Tuesday, December 18, 2018

Rotation #5 Block Programming

Future computer engineers! Gold Rush Students are participating in the international event Hour of Code during their 5th STEAM Lab rotation. Unique this year, each student has an individual account created within code.org where they are able to personalize their coding skills. In addition, to digital coding activities, students are collaborating in teams in offline coding activities where they practice following "chains of movements and commands". For example, intermediate students worked with partners to create designs on graph paper and created a code for another group to replicate and recreate their drawing. They are also learning the importance of analyzing and correcting errors in their lines of code as they worked as a team in Debugging Programming Relays. Primary students are collaborating to learn how to give commands that a robot would follow. They began by programming each other to solve for missing diamonds in Move it! Move it!, and then to build stacks of cups in specific ways in my Robot Friend. Our Kindergarten programmers are participating in Hour of Code as well and kicked off their week with the help of a 5th grade buddy. 

As always, to see the daily lesson objectives, click on your student's grade level to the right and then click on the Rotation you would like to learn more about.

Thursday, December 13, 2018

Rotations #3 & #4: Thinking Like a Scientist

Gold Rush Scientists have blown Mrs. Bell and I away in the STEAM Lab over the last two rotations! Each day students tackled a new scientific question and utilized the scientific method to hypothesize, experiment, analyze and draw conclusions using Legos. To see examples of the types of scientific questions your child investigated, please click on your student's grade level to the right and click on Rotation #3 and then Rotation #4. 

Monday, October 1, 2018

STEAM Lab Rotations

Our first two rotations in the STEAM Lab have been a success! To access the day to day learning targets for each grade level, please click on your child's grade level Fleet to the right, and then you will see links that say Rotation #1 and Rotation #2 etc. Click on those links and you will find the daily learning targets and activities for their week in the STEAM Lab.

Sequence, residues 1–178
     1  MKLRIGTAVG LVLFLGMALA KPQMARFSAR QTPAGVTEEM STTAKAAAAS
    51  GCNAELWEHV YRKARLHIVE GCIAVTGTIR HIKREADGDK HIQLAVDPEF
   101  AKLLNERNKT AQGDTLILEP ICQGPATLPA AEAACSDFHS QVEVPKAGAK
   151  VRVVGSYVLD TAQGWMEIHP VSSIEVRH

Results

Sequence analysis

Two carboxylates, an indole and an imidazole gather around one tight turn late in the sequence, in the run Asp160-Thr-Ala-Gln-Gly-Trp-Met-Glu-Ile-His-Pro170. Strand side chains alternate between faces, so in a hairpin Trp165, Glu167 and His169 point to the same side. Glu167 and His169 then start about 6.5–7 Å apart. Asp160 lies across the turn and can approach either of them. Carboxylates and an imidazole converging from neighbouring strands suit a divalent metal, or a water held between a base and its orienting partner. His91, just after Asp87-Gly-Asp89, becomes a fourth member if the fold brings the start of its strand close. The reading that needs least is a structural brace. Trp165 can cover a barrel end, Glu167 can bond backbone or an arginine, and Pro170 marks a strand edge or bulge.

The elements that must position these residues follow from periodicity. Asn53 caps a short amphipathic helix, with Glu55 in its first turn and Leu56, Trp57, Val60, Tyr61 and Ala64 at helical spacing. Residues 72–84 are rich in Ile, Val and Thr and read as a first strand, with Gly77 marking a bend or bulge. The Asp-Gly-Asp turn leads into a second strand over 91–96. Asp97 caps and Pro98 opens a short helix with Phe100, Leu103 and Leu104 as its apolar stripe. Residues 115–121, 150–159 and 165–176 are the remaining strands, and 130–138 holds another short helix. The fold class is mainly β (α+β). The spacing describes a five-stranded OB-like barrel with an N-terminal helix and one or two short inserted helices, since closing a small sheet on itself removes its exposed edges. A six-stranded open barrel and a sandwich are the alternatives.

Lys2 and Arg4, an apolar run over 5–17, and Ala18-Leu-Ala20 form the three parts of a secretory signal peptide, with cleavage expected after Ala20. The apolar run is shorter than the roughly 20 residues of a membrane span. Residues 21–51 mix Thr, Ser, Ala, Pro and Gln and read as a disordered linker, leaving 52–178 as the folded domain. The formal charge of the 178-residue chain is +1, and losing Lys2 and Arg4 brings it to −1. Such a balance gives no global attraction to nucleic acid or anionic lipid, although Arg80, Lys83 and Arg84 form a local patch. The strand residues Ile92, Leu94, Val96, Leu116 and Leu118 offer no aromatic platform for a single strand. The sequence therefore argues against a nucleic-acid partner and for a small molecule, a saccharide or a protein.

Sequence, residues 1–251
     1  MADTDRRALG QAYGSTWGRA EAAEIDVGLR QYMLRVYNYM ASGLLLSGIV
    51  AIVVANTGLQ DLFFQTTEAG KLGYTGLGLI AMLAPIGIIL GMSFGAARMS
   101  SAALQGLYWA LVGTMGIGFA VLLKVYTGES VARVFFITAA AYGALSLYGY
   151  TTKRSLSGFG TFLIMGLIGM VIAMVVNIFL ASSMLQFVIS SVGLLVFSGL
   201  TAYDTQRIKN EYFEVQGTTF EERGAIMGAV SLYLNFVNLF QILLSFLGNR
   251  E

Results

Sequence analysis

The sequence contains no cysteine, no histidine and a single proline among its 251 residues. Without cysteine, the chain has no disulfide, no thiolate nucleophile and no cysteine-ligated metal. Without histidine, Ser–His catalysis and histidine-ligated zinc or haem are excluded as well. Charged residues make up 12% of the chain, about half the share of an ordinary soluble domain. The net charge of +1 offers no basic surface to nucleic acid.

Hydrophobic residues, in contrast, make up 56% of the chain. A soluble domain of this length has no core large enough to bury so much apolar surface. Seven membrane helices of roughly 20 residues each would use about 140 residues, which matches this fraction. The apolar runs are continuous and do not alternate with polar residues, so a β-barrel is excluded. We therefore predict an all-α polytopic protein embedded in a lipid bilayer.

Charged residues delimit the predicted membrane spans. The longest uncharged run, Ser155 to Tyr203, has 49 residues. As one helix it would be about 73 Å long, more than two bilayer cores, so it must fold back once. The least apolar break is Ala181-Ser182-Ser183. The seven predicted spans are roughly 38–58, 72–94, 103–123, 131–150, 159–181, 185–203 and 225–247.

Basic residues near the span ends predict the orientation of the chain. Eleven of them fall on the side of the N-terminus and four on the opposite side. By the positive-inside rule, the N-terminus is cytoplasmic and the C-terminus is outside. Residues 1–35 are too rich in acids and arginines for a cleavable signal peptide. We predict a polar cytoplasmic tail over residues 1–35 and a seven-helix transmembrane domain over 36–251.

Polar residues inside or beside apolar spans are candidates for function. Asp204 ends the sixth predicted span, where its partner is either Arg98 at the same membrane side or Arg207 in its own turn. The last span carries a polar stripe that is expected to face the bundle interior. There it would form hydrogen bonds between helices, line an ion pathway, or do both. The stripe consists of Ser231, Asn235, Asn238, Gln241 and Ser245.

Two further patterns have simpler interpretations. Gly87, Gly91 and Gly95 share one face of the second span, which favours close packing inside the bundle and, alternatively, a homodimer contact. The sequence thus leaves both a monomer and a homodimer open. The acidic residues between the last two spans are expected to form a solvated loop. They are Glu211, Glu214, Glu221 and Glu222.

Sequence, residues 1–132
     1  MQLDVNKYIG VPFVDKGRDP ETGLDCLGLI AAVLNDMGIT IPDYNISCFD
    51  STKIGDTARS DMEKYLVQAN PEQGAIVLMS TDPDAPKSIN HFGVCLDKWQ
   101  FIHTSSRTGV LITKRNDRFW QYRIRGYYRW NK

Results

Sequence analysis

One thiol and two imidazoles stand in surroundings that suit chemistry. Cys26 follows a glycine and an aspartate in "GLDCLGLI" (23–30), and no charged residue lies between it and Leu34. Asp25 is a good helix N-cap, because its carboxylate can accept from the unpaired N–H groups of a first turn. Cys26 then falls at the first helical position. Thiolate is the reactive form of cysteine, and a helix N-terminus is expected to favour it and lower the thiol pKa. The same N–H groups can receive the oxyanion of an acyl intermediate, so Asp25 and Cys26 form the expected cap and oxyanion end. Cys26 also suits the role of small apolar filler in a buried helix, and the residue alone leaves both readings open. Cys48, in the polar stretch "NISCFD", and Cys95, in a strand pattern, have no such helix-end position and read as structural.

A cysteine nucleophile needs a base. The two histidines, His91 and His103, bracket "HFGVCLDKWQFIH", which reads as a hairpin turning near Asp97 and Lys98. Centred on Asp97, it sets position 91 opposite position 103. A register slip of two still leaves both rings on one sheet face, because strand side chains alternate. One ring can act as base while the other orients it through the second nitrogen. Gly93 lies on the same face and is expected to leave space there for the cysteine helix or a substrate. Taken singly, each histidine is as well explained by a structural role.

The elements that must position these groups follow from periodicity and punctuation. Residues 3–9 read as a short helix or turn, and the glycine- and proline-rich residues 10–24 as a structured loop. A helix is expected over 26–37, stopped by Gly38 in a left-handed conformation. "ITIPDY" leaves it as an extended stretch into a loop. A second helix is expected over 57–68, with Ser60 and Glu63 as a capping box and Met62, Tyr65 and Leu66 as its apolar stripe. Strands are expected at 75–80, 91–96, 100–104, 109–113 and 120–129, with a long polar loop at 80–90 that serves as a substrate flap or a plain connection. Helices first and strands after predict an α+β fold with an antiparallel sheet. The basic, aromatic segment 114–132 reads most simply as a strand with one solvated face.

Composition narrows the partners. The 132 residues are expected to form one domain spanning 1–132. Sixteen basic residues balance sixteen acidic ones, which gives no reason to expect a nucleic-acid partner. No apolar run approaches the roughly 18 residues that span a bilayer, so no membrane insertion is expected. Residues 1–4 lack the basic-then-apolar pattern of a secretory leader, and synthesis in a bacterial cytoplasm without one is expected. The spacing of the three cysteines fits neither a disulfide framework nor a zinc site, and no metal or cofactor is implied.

Our first rotation was about Digital Citizenship for all Gold Rush students. As students learned about Digital Citizenship, students learned about their roles in different communities including a digital or online community. They talked about their digital footprint and how to use what they know about staying safe offline to keep them safe online. For more information about Digital Citizenship for all ages please check out https://www.commonsensemedia.org/.

Our second rotation was framed around a Design Thinking approach called LAUNCH. Our focus was learning the thinking processes that Inventors use when they invent. Students practiced the LAUNCH framework as they created an invention specific for our Extraordinaire. First students Looked & Listened to Learn. Your student analyzed the picture "The Evil Genius" and searched for hidden picture clues that the author used to communicate more about the character. Then students Asked Questions to better understand their Extraordinaire. After better understanding their Extraordinaire, students Understood the Problem, and were asked to identify what the Evil Genius most needed to Learn and to INVENT the best learning space for him to learn it in. Students Navigated their ideas, mapped them out, and then created a prototype with Legos. After they completed their inventions students Highlighted successes and posed questions for their next invention for our next Extraordinaire. Please take a minute to ask your student about their inventions!